The Commonwealth Bank and the University of New South Wales (UNSW) have signed a five-year AU$1.6 million partnership to develop a cybersecurity education centre to boost the number of security engineering professionals in the country.
The security engineering partnership will see the two companies build a cybersecurity centre that will consist of a new security engineering lab for hands-on teaching of security courses at the UNSW Kensington campus; provide support for new PhD researchers tackling internet security issues and for the tutoring of undergraduates; and offer funding to recruit lecturers and up to four CommBank Security Engineering Fellowships for graduates who wish to teach subjects at UNSW.
The partnership will also see the launch of a cybersecurity undergraduate curriculum where UNSW students will have the option to choose Security Engineering as a specialist stream of their Computer Science degree.
The curriculum will also be published openly for sharing with all Australian universities under creative commons licensing and made publicly available on the internet as a massive open online course.
Richard Buckland, associate professor in Computer Security and Cybercrime at UNSW, said cybersecurity roles are one of the most difficult for employers to fill.
"We've seen a 60 percent increase in security jobs advertised in the past year, and companies constantly struggle to hire people with up-to-date security skills," he said.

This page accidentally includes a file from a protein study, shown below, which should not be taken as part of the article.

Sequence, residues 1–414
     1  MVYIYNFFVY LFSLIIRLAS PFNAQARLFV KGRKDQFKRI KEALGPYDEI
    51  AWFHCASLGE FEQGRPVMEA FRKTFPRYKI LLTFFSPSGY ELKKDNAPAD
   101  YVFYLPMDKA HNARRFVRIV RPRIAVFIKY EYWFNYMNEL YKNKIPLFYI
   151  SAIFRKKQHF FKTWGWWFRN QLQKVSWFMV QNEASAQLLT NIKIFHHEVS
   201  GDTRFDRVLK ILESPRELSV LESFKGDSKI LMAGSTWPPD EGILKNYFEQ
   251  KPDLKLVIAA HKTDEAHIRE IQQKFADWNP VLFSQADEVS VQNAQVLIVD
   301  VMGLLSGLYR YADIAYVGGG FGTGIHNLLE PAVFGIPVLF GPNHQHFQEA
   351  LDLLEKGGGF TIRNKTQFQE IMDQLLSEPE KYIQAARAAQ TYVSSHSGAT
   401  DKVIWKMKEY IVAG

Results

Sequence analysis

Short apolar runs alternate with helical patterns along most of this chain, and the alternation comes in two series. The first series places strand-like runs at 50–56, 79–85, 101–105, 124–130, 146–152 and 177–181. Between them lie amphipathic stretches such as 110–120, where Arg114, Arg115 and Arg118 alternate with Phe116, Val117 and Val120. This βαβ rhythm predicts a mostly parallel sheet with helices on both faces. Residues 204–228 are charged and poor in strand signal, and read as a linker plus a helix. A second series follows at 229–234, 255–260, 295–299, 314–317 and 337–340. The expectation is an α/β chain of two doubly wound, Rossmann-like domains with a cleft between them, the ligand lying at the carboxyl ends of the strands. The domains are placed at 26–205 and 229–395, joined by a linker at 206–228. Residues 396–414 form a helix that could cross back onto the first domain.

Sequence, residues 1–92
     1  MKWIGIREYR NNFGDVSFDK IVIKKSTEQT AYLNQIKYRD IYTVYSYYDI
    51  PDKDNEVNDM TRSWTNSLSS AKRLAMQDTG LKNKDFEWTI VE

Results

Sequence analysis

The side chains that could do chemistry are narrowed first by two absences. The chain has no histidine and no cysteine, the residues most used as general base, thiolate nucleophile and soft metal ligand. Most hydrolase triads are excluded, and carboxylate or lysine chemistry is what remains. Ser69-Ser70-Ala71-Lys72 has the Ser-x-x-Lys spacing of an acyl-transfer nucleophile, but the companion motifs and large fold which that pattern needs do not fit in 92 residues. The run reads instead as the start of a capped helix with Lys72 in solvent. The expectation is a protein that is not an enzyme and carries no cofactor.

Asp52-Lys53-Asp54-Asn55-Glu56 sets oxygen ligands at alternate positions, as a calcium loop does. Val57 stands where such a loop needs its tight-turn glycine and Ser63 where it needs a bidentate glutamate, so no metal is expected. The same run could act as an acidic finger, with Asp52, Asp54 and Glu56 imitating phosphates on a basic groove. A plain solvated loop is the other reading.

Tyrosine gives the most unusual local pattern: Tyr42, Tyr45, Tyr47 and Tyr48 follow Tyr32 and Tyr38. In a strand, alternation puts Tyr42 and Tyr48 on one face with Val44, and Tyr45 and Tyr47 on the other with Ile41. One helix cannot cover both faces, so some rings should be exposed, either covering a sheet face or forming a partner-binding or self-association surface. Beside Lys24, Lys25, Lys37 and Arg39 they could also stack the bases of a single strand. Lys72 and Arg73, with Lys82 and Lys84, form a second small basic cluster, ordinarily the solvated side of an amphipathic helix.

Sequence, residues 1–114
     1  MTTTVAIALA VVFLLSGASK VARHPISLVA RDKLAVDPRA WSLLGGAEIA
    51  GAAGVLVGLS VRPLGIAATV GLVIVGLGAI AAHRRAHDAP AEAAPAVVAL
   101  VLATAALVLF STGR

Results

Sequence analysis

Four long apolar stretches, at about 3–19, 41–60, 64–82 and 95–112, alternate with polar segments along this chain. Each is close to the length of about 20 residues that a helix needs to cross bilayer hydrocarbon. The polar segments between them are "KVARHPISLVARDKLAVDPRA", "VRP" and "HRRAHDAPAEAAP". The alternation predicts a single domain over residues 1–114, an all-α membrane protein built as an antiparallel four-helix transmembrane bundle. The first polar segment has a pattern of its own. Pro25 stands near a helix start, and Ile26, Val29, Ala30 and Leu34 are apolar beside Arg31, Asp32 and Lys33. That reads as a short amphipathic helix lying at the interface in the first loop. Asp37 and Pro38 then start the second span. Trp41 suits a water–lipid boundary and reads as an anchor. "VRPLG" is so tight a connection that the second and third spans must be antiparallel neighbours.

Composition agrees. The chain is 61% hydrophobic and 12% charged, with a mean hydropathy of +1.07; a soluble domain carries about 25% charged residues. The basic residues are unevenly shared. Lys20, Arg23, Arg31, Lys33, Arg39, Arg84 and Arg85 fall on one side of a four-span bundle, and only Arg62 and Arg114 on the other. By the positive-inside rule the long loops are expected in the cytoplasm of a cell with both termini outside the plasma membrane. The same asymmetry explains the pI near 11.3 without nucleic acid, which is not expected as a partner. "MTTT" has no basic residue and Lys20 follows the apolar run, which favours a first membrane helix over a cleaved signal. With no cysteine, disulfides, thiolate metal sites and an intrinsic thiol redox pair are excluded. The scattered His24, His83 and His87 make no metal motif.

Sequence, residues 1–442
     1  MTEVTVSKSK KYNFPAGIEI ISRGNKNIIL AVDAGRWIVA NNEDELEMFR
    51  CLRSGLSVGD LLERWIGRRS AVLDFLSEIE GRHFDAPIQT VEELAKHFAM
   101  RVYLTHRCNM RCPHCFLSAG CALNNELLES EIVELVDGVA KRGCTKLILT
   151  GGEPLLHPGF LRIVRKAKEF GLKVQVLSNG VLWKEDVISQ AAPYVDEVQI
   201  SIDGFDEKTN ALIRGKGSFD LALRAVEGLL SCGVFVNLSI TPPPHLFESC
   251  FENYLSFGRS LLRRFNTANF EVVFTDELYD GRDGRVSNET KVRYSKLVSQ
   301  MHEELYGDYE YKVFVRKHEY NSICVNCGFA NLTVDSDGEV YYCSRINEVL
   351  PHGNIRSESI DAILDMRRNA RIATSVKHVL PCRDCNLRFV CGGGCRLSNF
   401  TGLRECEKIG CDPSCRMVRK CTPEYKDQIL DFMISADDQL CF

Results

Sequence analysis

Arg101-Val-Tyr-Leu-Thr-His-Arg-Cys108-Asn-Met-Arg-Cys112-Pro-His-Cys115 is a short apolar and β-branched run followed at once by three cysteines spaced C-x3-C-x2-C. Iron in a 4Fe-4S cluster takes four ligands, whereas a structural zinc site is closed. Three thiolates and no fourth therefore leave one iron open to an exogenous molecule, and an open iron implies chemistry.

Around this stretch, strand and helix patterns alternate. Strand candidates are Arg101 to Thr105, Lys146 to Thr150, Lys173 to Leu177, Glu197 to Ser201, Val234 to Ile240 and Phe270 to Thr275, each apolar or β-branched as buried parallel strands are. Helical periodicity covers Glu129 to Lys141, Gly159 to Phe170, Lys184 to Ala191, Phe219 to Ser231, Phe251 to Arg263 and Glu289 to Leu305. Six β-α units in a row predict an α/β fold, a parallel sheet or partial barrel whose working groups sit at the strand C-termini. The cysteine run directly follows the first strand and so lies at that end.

"This partnership will help drive the pipeline of professionals needed to support Australia's growing digital economy. It will also build Australia's capability for teaching security engineering and establish and share an up-to-date curriculum. This is about raising the bar for cybersecurity education across the nation."
Ben Heyes, Commonwealth Bank chief information security and trust officer, said the company is excited to help educate more online security experts.
"At the moment, we don't have enough graduates that are coming out of the education facilities to fill the jobs. There is a really strong demand that's being unmet for a quantity and a quality of highly skilled graduates," he said.
"The concept of applied centric skills is not present in many of the programs that exist today. That's the uniqueness about the partnership and one of the reasons why we are so excited to couple together a heavy weight from an academic perspective with a company like ours so that we can bring those skills sets together."
This announcement comes after UNSW announced last month that the Australian Centre for Cyber Security in its Canberra campus has opened enrolment for the country's first degree program devoted to cyberwar, a Master in Cyber Security, Strategy and Diplomacy, which will start in February 2016. The Master's degree will be offered through online study.
The new program complements two existing UNSW Canberra Master's degrees: Master in Cyber Security which focuses on the technical aspects of cybersecurity; and Master in Cyber Security Operations, which looks at subjects such as cybercrime and cyberterrorism.
Over the weekend the Victorian government revealed it will dip into its AU$508 million Premier's Jobs and Investment Fund to establish the National Broadband Network's (NBN) National Cyber Security Operations Centre to Melbourne.
Victorian Minister for Employment Jacinta Allan and Minister for Small Business, Innovation and Trade Philip Dalidakis jointly said in a statement the centre will be the first line of defence against cyberthreat to the NBN.
"It provides a collection of services for the delivery of detection, identification, triage, and management of cyber events and incident response," they said.